January 25, 1999
Pitino went on the radio Friday and said emphatically that he would not trade Pierce. (Hope Pierce's landlord wasn't listening.) That was after he had seen him in a couple practices. Pierce was discussed in a four-way deal that would have had him going to Cleveland. The Celtics would have ended up with Mashburn and Vitaly Potapenko, a pretty good match, given Boston's trouble in the middle. Mash is a proven scorer and Potapenko is the full slab.
Speaking of slabs, Stanley Roberts showed up in Greece two weeks ago expecting to sign a contract. Instead, his weight, conservatively listed at 330, was too much and he was sent back home, reportedly with sciatica. Dicky Simpkins, of the team formerly known as the Chicago Bulls (they became Vancouver East in a hurry, didn't they), also is exploring Greece . . . The Bulls' official network the last eight years, NBC, dropped them like a radioactive dish. Chicago will make no appearances on NBC this season, just another reminder that while the league may be interested in rebuilding the "team" concept, television wants entertainers and personalities. Now, if Dennis Rodman ends up back there . . . Nah, just kidding.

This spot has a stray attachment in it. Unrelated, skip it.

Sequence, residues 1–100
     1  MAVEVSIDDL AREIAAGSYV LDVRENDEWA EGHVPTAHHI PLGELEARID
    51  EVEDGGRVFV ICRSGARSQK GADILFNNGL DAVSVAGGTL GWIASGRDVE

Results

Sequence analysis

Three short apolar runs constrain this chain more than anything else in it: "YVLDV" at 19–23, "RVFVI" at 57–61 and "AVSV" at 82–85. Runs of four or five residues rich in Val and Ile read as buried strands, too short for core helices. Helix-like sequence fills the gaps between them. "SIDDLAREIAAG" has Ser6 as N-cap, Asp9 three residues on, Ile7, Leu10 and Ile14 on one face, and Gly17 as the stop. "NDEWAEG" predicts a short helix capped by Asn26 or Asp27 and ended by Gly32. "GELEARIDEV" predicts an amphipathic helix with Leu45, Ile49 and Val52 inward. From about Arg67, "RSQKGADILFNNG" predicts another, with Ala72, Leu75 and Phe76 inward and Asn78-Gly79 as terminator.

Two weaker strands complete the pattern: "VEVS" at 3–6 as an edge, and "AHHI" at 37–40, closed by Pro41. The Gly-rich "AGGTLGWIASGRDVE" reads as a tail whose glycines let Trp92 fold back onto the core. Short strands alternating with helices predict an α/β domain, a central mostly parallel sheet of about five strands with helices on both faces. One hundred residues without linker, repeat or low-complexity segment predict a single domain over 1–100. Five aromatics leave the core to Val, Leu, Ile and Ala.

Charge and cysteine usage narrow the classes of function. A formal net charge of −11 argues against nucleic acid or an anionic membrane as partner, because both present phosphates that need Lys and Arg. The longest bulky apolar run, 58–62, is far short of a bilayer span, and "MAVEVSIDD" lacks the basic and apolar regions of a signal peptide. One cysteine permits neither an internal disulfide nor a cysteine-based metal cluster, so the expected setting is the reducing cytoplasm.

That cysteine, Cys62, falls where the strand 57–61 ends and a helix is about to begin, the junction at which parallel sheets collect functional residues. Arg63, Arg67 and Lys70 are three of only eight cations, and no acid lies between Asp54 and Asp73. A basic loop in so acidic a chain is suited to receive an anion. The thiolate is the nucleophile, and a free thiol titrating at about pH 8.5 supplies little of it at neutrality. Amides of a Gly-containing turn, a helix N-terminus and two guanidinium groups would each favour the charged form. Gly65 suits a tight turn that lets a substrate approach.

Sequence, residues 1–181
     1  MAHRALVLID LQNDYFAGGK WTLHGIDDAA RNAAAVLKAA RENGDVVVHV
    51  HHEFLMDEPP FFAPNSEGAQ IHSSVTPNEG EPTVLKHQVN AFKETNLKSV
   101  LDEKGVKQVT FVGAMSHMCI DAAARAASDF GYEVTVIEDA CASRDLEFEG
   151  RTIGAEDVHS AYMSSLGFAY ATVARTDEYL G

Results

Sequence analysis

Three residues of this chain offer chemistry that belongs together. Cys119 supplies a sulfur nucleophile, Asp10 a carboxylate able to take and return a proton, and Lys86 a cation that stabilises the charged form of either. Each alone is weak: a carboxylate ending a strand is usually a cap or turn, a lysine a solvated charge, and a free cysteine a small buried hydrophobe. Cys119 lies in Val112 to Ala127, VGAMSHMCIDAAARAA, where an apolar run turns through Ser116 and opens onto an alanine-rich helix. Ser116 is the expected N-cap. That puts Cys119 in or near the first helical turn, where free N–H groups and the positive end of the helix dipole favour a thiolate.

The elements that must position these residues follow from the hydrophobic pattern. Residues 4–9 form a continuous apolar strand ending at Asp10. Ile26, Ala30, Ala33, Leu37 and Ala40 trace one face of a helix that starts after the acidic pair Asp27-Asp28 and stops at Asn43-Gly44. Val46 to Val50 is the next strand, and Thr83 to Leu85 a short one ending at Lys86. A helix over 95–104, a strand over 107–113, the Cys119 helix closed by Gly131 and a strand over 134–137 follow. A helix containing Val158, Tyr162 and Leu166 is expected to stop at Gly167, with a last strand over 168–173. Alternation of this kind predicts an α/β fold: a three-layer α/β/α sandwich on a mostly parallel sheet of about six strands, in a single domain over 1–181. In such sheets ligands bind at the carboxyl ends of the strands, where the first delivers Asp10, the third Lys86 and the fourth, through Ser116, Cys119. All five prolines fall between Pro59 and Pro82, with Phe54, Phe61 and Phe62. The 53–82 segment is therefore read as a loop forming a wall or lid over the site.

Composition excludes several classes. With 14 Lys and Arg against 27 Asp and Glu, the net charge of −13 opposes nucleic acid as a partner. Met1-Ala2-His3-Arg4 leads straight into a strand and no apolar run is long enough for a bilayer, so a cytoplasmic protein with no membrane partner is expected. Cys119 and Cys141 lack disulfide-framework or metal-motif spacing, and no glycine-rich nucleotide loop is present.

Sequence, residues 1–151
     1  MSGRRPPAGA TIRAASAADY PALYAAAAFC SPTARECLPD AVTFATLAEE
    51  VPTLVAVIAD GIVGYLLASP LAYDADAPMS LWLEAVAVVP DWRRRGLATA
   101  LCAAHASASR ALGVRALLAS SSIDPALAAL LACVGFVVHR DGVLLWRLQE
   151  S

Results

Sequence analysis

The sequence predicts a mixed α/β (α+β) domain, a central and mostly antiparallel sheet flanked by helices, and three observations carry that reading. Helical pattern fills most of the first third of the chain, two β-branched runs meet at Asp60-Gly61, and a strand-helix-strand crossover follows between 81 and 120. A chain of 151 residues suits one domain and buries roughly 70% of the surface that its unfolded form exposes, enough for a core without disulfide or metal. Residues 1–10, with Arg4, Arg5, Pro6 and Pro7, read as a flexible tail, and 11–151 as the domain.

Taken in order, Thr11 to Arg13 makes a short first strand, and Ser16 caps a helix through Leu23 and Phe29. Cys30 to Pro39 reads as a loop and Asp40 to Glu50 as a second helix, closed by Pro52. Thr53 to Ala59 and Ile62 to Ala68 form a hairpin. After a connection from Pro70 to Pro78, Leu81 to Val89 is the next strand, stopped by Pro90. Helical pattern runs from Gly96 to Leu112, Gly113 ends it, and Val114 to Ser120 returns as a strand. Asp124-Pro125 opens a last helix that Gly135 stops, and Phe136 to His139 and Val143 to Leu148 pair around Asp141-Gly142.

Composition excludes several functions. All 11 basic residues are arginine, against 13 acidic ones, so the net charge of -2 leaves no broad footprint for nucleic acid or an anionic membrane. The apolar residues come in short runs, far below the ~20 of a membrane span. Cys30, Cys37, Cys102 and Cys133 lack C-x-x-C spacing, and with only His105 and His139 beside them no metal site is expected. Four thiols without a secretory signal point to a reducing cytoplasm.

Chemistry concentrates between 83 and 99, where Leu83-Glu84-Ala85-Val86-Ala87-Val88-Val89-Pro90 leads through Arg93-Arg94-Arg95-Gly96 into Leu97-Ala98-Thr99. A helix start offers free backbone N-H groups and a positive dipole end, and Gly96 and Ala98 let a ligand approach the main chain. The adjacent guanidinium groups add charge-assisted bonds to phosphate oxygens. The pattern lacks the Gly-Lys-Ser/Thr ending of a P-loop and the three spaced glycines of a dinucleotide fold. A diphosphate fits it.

Latrell Sprewell is now with the Knicks, but the team he almost ended up with was . . . the Warriors. When Golden State general manager Garry St. Jean asked for final offers for Mr. Warmth, he was astounded at how bad they were. Miami wouldn't part with P.J. Brown and even took Jamal Mashburn off the table, tossing out Dan Majerle, Terry Mills, and Brent Barry. Once Indiana realized Brown wasn't in the mix, it lost interest. St. Jean, to his credit, extracted John Starks instead of Chris Childs to go along with Chris Mills and Terry Cummings. But it was strictly a salvage operation at that point. All summer St. Jean had been fielding inquiries, but when it came time to make a deal, he had only one legit offer: the one he took from the Knicks. It would not be inaccurate to state that the thought of Sprewell's return caused some trepidation and even panic at Golden State. The bottom line is that there was, as usual, more talk than action and when it came time for sealed bids, there was, as Gertrude Stein might say, not a lot of there there . . . Speaking of Spree, the Knicks in general and Madison Square Garden honcho Dave Checketts in particular are taking some heat for the trade. Checketts was reminded of a statement he made a few years back when he said he'd seek only solid citizens for the Knicks (Larry Johnson must have slipped through the cracks). Checketts told reporters in a conference call that his prior remarks were "pretty judgmental and almost self-righteous. I regret having said those things. It's not fair for me to judge what people have gone through. A lot has happened to my thinking in the last 48 hours or so." . . .